I didn’t follow all of the links and maybe some of them mention this, but I have read that rodents use shed antlers as a source of calcium. I’d think that they are also a likely source of phosphorous.
Knowing that mineral intake is crucial to human health, I’d also think that it is crucial to the health of mammals in general.
John Kricher’s “A Neotropical Companion” talks about recycling minerals in an ecosystem. There are a finite number of mineral molecules and decaying leaves, etc. release the minerals into the soil to be used by the next generation of plants for energy and structure.
It would be an interesting study to see if seeding some winter grounds, where sheds are aggressively collected, with calcium carbonate or calcium phosphate made any difference to the rodent populations.
I know that large mammals are easier to argue for than rodents, but seeing a K-Rat or Deermouse is a lot more exciting to me than seeing another deer.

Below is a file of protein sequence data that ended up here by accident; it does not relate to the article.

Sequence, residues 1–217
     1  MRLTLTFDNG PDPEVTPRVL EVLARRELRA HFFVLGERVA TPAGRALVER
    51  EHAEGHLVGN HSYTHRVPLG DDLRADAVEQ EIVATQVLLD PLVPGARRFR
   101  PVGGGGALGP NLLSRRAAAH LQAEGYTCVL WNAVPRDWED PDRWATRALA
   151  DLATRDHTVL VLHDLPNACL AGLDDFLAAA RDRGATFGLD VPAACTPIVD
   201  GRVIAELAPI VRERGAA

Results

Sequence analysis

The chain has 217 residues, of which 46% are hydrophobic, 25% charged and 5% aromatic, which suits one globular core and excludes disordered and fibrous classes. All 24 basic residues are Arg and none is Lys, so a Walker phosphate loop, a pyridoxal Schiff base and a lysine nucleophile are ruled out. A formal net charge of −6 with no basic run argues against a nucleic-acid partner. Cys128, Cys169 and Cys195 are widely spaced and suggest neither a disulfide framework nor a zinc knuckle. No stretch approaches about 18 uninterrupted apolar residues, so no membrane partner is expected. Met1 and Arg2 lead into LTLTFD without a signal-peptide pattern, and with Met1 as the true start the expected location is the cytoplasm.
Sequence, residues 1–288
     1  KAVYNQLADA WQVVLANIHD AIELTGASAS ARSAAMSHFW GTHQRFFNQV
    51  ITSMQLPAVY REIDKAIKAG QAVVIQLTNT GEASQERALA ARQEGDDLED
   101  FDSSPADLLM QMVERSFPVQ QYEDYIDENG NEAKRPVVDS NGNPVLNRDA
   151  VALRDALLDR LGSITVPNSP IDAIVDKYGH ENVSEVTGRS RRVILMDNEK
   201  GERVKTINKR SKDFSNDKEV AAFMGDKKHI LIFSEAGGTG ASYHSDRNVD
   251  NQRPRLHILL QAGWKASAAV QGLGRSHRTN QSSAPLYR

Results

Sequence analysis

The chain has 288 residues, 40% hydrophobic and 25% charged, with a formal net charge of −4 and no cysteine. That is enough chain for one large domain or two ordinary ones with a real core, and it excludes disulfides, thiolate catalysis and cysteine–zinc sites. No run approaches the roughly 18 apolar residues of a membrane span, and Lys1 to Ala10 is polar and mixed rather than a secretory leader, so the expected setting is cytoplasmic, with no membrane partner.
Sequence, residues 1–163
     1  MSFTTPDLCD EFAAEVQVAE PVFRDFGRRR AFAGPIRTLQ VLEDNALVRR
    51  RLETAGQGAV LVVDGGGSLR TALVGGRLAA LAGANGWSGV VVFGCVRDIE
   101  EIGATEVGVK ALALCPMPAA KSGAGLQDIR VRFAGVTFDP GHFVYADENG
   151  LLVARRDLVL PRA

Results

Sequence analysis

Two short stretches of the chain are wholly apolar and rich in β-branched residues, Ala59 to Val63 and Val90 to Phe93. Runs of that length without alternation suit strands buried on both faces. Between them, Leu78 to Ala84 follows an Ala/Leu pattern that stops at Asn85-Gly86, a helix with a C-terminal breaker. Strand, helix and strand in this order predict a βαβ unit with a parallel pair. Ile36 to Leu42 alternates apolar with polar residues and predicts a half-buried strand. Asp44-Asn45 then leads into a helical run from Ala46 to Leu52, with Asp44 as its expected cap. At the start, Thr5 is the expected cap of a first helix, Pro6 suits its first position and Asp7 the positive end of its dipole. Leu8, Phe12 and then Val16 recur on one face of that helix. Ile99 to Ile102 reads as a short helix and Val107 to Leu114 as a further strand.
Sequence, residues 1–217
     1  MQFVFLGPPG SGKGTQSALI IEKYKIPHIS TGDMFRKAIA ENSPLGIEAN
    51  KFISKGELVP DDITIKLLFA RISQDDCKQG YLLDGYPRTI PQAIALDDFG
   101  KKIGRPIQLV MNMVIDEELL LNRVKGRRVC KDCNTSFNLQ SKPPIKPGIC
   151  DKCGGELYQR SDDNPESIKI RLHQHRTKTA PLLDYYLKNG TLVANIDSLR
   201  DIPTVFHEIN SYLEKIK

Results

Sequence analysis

Very interesting points. In fact, Canada prohibits collecting antlers in national parks so that they provide these nutrients.
I have not seen studies so this is anecdotal only…I think in the eastern forest, a lot of antlers are not found. In the western US, I wonder how much rodents like k-rats or even deer mice actually eat the antlers. I have often found antlers in the summer or ones that are obviously a year old — with not so much as a bite mark. This despite being found in areas with heavy rodent populations. On the flip side, in Pennsylvania it is common to find antlers with gnaw marks (I suspect that porcupines are the primary feeders). It would be an interesting study in any case — to see if collecting sheds impacts small rodent populations. Hope you’re well!